Nashville, Tenn. – Shelby County Criminal Court Judge Chris Craft was today elected presiding judge of the Court of the Judiciary, the body that handles complaints against judges and imposes sanctions for judicial misconduct. Craft replaces Judge Don Ash, who served as presiding judge of the Court of the Judiciary for the past four years.
“I appreciate the confidence the members of the Court of the Judiciary have shown in me by selecting me as their Presiding Judge,” Craft said. “I also want to thank Judge Ash for his incredible dedication to the Court of the Judiciary and commend him for his work as presiding judge during the past four years.”
“I look forward to working with the Court of the Judiciary and members of the legislature as we continue the very important task of safeguarding the ethics of the Judicial Branch of government and ensuring that all Tennesseans have ethical, fair and impartial judges,” Craft said.
Craft has served as criminal court judge in the 30th Judicial District since 1994. Prior to his appointment to the bench, Craft served as an assistant district attorney for 12 years, the last three of which he served as senior trial prosecutor in the major violations unit. Since 2001, Craft has served as an adjunct professor at the University of Memphis School of law. Craft is vice president of the Tennessee Judicial Conference and Dean of the Judicial Academy.
The Court of the Judiciary also elected Judge Jean Stanley as presiding judge pro tem, who will act as presiding judge in cases where the presiding judge must recuse himself. Since 1992, Stanley has served as circuit court judge in the 1st Judicial District, which includes Carter, Johnson, Unicoi and Washington counties.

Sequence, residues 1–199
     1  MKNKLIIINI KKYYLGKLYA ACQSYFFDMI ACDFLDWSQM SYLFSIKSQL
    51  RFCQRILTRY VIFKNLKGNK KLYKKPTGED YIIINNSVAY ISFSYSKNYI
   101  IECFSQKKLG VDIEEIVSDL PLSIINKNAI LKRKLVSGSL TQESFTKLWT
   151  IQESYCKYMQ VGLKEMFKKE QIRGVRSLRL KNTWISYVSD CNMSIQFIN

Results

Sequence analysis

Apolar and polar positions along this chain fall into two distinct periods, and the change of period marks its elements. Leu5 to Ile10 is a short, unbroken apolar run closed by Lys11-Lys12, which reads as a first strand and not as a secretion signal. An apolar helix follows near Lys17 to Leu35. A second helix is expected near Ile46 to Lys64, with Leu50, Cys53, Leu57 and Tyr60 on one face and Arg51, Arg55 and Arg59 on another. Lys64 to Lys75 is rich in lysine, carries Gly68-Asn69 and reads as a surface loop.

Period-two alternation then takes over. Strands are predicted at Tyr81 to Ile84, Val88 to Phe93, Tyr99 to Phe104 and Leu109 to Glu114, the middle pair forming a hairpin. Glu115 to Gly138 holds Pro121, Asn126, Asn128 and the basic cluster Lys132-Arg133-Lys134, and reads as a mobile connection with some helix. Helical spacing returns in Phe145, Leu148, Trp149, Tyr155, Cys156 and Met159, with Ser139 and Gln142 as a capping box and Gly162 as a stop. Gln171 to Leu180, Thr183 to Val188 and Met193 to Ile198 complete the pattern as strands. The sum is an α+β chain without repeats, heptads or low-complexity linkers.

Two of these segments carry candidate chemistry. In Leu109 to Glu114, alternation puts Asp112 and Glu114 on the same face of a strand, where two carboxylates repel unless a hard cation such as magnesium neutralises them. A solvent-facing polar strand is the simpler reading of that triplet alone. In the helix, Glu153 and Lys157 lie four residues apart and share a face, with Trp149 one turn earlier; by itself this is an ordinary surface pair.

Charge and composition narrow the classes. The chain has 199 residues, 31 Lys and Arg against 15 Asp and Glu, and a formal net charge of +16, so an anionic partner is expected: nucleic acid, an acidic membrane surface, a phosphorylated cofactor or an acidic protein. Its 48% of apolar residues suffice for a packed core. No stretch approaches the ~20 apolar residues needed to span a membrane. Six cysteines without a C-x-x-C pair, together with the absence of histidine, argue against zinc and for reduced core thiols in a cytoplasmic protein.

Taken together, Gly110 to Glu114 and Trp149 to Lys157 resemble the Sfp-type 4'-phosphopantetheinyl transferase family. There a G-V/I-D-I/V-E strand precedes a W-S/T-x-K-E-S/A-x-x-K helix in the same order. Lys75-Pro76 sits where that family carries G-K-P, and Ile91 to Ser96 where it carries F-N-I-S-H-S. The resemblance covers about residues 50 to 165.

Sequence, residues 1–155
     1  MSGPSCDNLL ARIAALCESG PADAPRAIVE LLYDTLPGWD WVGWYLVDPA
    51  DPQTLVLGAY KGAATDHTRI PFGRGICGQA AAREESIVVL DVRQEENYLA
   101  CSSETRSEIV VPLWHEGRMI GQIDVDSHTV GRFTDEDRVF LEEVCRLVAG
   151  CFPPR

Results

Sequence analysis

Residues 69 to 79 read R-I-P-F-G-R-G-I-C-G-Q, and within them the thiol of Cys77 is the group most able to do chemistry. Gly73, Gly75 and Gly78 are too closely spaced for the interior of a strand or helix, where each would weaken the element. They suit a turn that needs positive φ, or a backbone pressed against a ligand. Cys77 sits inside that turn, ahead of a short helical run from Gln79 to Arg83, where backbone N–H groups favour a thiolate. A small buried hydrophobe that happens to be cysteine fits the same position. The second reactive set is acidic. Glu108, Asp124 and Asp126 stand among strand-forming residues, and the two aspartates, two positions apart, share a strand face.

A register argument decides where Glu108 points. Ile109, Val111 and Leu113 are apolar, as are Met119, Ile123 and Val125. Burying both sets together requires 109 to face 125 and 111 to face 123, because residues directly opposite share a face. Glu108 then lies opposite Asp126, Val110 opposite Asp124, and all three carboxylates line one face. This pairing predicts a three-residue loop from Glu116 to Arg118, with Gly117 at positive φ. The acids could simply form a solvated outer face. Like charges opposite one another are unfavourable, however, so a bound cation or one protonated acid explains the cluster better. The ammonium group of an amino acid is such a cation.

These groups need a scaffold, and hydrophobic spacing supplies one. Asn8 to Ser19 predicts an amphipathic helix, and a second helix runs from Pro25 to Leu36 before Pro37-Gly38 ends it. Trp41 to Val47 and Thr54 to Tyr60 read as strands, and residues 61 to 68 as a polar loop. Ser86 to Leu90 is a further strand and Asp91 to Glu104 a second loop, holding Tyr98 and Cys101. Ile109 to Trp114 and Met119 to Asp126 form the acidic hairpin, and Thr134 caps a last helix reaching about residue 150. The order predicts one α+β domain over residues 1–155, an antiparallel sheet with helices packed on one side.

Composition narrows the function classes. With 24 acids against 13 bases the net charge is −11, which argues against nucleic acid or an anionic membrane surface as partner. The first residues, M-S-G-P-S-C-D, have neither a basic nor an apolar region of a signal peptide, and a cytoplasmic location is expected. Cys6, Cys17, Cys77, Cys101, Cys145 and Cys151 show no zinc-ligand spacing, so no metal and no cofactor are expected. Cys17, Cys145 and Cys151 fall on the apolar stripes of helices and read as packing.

During its meeting, the Court of the Judiciary also released its annual report, which provides statistical data and information about the Court’s efforts during the past fiscal year. During the 2010-2011 Fiscal Year, nine complaints resulted in a public reprimand.
In an effort to improve transparency, this year’s annual report offers greater detail about the Court of Judiciary’s efforts, including more comprehensive breakdown of the disposition of cases, a year-by-year comparison of statistical information and a summary about the types of conduct that resulted in private discipline.
“We believe Tennesseans deserve greater transparency about our efforts to investigate complaints against judges and this new annual report format serves as our first step in that direction,” Craft said.
The Court of the Judiciary’s 2010-2011 annual report, along with reports from the past six years, may be downloaded online here.
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